Recently, a vulnerability in OpenSSL, nicknamed “Heartbleed” has been discovered. HostVirtual suggests all clients immediately update their OpenSSL installations. In addition to being discovered after being open “in the wild” for over a year, this vulnerability in some cases can cause private key leakage.
NOTE: If you’ve compiled OpenSSL from source, you will want to re-compile and fully reinstall OpenSSL with version 1.0.1g. Previous versions of OpenSSL can also be patched without an update, by utilizing the OPENSSL_NO_HEARTBEATS flag set to enabled. This will close the current vulnerability (CVE-2014-0160)
You can also test your website’s version if it utilizes SSL, using a Heartbleed vulnerability test – Simply enter your website’s URL and run the vulnerability test. Keep in mind that a positive score doesn’t necessarily mean your system isn’t vulnerable. Software compiled against older OpenSSL libraries may still be vulnerable to this exploit.
First, let’s cover updating OpenSSL on your respective operating system :
Ubuntu and Debian systems, run the following to upgrade and update your system packages:
sudo apt-get update sudo apt-get upgrade
During the update, you may be listed with a warning, and a list of system services that will be restarted that utilize the older OpenSSL library. You can add additional services by adding their init.d script name here, such as: httpd or apache2.
CentOS & Fedora – Run the following command on CentOS systems to update OpenSSL.
yum -y update openssl
After patching, you should restart any binaries that are using OpenSSL, such as your web-servers and email servers, such as the following :
- Check if your website is vulnerable : https://filippo.io/Heartbleed/
- Test on your own box (Python Script)
- List of vulnerable distributions : https://www.circl.lu/pub/tr-21/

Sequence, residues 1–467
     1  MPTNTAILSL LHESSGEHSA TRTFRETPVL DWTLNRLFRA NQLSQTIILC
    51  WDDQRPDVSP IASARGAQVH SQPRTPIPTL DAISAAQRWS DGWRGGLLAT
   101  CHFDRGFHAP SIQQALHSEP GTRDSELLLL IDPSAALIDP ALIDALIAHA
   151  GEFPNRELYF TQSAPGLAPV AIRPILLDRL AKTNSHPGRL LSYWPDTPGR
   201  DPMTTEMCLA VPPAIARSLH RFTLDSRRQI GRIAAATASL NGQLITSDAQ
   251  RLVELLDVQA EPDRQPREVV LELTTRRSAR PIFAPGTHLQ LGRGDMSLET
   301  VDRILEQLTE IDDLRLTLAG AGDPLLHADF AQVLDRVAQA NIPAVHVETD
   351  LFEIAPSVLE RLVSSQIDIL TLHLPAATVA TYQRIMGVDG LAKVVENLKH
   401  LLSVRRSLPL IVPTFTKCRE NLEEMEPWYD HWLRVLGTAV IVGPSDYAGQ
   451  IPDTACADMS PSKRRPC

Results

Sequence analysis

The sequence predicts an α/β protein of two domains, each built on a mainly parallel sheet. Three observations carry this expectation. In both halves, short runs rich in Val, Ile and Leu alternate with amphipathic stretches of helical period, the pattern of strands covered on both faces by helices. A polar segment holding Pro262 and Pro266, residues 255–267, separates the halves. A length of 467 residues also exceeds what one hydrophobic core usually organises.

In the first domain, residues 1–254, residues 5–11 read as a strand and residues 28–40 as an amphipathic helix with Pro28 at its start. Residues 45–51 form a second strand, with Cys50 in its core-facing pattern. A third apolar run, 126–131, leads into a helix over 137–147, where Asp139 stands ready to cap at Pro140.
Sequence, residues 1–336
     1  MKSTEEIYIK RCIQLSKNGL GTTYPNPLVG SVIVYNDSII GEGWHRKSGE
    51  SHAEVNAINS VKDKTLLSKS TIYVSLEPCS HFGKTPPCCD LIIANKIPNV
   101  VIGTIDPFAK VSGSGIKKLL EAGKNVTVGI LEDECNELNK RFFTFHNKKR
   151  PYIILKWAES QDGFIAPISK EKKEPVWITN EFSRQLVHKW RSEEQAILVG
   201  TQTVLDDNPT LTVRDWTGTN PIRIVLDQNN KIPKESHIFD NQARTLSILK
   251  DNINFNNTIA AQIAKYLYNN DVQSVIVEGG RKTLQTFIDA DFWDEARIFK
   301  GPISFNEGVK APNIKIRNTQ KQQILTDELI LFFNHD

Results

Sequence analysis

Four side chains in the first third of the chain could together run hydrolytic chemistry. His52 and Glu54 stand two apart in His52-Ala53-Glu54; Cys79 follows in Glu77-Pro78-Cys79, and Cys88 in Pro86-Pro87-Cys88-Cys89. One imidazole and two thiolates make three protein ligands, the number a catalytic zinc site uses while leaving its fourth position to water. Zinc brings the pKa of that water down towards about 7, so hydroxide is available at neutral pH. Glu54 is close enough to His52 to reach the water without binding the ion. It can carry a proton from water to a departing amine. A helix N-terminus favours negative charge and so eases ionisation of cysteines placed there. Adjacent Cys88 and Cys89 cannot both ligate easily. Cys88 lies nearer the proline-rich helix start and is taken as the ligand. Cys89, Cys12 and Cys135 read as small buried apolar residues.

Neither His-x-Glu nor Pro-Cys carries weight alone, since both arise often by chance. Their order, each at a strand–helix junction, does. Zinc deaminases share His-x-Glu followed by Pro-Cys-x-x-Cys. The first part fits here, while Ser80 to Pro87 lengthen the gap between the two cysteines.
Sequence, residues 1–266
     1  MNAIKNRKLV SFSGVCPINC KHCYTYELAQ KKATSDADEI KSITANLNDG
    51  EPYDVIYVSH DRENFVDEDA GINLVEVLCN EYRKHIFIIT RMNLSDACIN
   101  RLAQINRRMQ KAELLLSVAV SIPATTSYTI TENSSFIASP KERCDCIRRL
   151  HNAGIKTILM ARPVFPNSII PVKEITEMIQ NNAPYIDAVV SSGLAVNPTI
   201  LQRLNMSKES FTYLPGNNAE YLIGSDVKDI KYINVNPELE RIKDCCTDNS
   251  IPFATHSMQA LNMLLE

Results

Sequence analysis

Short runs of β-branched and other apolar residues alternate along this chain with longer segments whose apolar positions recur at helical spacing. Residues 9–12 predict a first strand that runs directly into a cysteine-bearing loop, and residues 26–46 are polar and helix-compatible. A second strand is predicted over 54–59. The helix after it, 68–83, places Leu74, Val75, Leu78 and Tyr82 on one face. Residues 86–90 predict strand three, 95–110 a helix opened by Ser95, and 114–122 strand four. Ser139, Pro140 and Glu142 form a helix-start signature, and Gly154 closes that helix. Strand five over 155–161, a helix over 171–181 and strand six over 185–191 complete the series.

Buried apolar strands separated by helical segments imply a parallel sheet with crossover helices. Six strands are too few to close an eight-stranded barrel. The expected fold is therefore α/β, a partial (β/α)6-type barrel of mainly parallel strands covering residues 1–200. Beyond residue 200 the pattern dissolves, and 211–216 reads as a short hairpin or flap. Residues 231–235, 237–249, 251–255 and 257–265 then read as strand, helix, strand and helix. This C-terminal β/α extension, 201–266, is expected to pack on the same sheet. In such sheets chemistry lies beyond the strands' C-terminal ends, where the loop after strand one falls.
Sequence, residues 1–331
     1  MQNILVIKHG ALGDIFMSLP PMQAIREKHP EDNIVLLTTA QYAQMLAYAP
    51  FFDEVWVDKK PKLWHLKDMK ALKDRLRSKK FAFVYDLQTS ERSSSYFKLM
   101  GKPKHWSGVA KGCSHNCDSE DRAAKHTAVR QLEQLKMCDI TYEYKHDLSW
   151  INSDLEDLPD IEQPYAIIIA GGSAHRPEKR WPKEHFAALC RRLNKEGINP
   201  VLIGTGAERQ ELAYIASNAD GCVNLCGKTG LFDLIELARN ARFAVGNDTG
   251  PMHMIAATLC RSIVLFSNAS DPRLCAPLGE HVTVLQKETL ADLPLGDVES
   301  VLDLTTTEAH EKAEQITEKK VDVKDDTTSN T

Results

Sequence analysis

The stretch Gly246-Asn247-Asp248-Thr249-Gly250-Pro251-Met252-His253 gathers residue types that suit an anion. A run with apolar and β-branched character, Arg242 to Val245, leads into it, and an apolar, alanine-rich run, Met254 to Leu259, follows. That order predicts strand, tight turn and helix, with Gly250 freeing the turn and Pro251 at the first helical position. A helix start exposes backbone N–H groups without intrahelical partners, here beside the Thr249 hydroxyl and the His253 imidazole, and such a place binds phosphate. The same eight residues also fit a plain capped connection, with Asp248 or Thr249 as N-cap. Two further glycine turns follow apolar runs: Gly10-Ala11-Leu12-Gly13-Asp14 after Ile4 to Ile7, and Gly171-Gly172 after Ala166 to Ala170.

Why is this so important?
Not only has this bug been in the open for over a year, it allows the leakage of private SSL key credentials, which may now be rendered useless in terms of security. In addition to updating OpenSSL and any binaries that use OpenSSL, you should not only re-issue your SSL keys, but revoke any previous keys to avoid malicious use, as private keys already may have been fully leaked from the server.
Further, it’s also suggested you re-issue key-pairs and revoke previous certificates, as they could be read over portions of memory on an unprotected system. This includes private keys . Since these can include keys used to create SSL certificates, new SSL certificates should be generated and/or purchased. While this vulnerability was only discovered recently, it has been out in the wild for over a year. For this reason we suggest in addition to re-issuing SSL certificates, you change your passwords after patching and upgrading OpenSSL.
NOTE: All HostVirtual customers may file a support ticket to have your OpenSSL distributions patched for free by a support technician.
Thanks to Heartbleed.com for the resources and additional information on this quite serious vulnerability.